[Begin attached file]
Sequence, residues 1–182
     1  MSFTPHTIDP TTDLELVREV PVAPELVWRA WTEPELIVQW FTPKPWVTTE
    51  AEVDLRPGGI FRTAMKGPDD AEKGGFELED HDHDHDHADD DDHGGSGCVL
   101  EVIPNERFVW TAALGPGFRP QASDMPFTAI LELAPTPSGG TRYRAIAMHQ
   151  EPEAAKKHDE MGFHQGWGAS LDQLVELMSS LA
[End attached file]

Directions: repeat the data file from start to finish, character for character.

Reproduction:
Sequence, residues 1–182
     1  MSFTPHTIDP TTDLELVREV PVAPELVWRA WTEPELIVQW FTPKPWVTTE
    51  AEVDLRPGGI FRTAMKGPDD AEKGGFELED HDHDHDHADD DDHGGSGCVL
   101  EVIPNERFVW TAALGPGFRP QASDMPFTAI LELAPTPSGG TRYRAIAMHQ
   151  EPEAAKKHDE MGFHQGWGAS LDQLVELMSS LA